Safe Feeding

Urgent situations will happen and we’re wise to be prepared. Families are still vulnerable to emergencies beyond supply shortages. A case in point: the Abbott facility in Michigan was closed again due to contamination from a flood.

The crucial issue is safe feeding practices. Here are two things every body should understand.

  1. Even when it’s not an emergency, you need boiling water to sterilize powdered formula and to clean the bottles. Otherwise, babies can get diarrhea and become dehydrated. (Liquid formula is sterile though more expensive.) The question to answer is: What do you do when your water supply is contaminated (think Flint, MI) and there is no way to boil water?
  1. Breastfeeding is absolutely the safest way to feed your child. Providing breast milk protects the baby against illnesses and contamination, it is complete nutrition. In addition, it enhances the mother’s health and, usually, there are no bottles to wash.

 

Avoiding contamination and reducing risks for illnesses are two good reasons to make breast milk and breastfeeding more accessible. I fully understand that not every one can, or wants to, breastfeed. I also understand that many obstacles can sabotage a family before they’ve had a chance to get started. In general, two of the biggest obstacles are limited access to health care and misinformation.

It’s the first two weeks postpartum that are most important for building a milk supply. Once that is established, a parent then has the option to continue exclusive, partial or no breastfeeding. Frustratingly, there is a lot of misinformation about breastfeeding that derails families from the start. Everyone (not just pregnant women) needs accurate, reliable information.

The United States of America can take a positive step forward and sign the W.H.O International Code of Marketing of Breastmilk Substitutes. The Code does not stop families from buying or using formula, nor from companies selling it. The purpose of The Code is to protect families from misinformation.

There is a long history of deceptive marketing of breast-milk substitutes (formula). These tactics include: misleading, inaccurate scientific claims, pictures of a happy bottle-feeding pair compared to an aggrieved breastfeeding pair, sending samples to families (even before the baby is born), free gift bags at the hospital, incentives to medical practices. Reaction to exploitative practices led to the original Nestle boycott in 1977, the 1980 Infant Formula Act and, forty years ago, the establishment of this WHO Code. The struggle continues.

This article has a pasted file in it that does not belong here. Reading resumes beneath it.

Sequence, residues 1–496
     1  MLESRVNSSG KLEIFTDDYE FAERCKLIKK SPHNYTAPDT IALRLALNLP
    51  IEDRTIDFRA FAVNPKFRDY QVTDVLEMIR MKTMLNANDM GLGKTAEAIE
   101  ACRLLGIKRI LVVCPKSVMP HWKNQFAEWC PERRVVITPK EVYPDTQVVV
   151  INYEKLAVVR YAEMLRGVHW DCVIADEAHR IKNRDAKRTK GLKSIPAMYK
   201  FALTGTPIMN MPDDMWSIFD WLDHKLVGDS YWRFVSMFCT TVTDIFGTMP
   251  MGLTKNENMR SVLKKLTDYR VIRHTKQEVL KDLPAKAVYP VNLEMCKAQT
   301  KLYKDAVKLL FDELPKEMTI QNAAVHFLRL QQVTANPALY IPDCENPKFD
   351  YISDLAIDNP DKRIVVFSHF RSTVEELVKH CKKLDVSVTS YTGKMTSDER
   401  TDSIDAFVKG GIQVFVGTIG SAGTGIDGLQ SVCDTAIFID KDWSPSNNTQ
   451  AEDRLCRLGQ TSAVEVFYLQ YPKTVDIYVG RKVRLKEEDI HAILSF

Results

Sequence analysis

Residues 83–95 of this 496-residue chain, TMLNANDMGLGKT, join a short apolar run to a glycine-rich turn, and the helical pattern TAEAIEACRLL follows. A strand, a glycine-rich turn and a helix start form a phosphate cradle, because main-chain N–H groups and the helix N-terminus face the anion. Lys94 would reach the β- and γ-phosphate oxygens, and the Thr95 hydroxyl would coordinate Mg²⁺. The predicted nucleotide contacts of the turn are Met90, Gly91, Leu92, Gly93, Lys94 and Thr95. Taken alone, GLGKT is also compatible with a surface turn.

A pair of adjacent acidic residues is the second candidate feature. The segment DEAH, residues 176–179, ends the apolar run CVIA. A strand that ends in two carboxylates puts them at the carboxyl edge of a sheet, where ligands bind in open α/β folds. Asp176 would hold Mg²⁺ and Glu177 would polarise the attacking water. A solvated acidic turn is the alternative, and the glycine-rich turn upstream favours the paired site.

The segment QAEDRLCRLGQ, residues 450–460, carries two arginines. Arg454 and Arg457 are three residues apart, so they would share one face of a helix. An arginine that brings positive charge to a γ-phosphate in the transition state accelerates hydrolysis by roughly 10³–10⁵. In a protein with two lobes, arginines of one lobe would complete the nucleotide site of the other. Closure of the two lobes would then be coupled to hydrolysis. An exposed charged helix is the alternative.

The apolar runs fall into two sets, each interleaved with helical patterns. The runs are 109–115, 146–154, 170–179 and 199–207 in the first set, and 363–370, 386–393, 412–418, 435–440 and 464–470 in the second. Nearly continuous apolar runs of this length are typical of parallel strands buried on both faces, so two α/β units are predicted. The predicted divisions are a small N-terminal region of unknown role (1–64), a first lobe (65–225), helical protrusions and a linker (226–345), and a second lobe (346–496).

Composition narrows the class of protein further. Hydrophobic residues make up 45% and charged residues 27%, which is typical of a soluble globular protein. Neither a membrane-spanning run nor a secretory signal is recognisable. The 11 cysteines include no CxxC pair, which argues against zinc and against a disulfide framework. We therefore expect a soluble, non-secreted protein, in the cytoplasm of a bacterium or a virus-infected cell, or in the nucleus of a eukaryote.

Recently, we saw policy changes for formula distribution. It’s also important to advance Lactation Friendly strategies.

  1. Hospitals that are designated “Baby Friendly Certified” have committed to ten steps that promote and protect breastfeeding. It includes prenatal education, early skin-to-skin and feeding time as well as links to support beyond the hospital stay. This has proven to make a difference in breastfeeding rates.
  2. Employers should provide a private, clean space and (unpaid) time for a parent to pump. There are laws for work place policies that  support parents who want to continue providing milk.
  3. Due to the Affordable Care Act, a parent can get a pump through insurance sent directly to their home. Though who will help with their breastfeeding questions? We still need community clinics with qualified lactation support for counseling and education. We still need insurance coverage (rather than reimbursement) for IBCLC home visits.

Families deserve the education and the opportunity to reach their own breastfeeding goals. By providing practical skills and support, more babies can be breastfeed and that lessens the emergency issues.